New York’s Secret Subway

Samuel Reason | May 17th, 2018

New York officially opened a subway in 1904 which changed the way the city operated forever. However what is relatively unknown is that this was not actually New York’s first subway, in fact, the first subway ever opened in America was opened in New York and it was actually a complete secret.

Broadway at the time was becoming extremely congested and one budding entrepreneur had the idea to build a subway. His name was Alfred Ely Beach and he owned a magazine called Scientific American. He had a plan to build a tunnel, then use a giant fan to move a railway car through the tunnel. The fan would then suck air to bring the railway car back. There was, however, one big problem: William Tweed.

The commissioner of public works at the time Tweed was extremely corrupt, he received most of his income from public transport so did not want to agree to any project that would decrease his income. So Beach pretended his tunnel would be used as a mail delivery system, this way he received the needed consent to start work.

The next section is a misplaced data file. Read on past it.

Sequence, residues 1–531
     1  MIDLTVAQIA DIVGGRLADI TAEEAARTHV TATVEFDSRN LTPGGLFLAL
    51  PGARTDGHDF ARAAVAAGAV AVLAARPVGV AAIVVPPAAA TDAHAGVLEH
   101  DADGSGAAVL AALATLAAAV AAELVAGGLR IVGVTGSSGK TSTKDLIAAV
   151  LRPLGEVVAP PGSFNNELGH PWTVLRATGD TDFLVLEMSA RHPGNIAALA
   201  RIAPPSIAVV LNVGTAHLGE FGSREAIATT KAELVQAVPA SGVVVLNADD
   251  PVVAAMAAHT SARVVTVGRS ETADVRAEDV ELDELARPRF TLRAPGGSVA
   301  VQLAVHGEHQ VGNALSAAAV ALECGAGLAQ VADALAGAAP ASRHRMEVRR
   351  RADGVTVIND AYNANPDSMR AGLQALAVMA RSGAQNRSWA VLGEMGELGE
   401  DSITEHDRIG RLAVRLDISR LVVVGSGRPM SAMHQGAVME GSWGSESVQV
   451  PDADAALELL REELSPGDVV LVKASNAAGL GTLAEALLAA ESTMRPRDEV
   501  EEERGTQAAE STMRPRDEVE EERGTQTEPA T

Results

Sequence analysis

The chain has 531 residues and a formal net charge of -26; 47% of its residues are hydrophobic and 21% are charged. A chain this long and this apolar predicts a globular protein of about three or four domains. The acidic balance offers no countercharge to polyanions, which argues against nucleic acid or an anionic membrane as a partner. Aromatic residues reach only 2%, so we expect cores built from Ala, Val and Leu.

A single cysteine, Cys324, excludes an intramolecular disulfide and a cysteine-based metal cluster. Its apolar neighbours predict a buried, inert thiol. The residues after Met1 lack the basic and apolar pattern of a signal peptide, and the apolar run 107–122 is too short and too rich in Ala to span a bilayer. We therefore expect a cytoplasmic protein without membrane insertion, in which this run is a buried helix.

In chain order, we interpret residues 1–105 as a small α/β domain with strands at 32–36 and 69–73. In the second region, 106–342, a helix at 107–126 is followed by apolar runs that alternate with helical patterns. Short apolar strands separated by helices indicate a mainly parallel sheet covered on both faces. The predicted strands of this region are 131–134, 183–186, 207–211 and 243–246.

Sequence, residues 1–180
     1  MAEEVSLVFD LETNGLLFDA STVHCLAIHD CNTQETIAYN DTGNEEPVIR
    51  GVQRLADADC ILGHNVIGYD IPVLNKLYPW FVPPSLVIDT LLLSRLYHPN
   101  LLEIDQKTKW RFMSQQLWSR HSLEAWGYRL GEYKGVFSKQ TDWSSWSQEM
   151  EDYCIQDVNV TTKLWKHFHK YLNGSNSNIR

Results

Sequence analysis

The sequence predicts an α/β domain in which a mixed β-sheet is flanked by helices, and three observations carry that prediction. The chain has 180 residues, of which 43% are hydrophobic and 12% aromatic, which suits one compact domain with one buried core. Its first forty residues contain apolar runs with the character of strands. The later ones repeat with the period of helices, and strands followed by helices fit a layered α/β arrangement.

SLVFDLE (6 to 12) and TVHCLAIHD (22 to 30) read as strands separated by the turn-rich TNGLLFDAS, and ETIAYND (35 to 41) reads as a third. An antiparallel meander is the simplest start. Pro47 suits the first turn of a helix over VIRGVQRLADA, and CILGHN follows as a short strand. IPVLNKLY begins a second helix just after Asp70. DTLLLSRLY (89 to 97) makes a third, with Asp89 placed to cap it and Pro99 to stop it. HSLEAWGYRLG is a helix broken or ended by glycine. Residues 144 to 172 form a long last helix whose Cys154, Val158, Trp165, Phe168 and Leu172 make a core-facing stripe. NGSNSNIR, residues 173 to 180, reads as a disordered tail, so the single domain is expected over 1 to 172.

A small group of men sworn to secrecy started work on the tunnel, hiding the dirt in an underground basement. The whole project was kept secret and work went well, but just before they finished the first line, everything was found out by the press. They worked very hard and were able to finish the first line, opening up in 1870. From Warren Street to Murray Street the underground traveled for only 25 cents. In one year of operation, it carried over 400 thousand passengers.

Tweed was so unhappy that he never allowed any further extensions, he was however eventually imprisoned for corruption. Unfortunately, by this time, the great depression had set in and Beach could not find any more investors to allow him to continue working.

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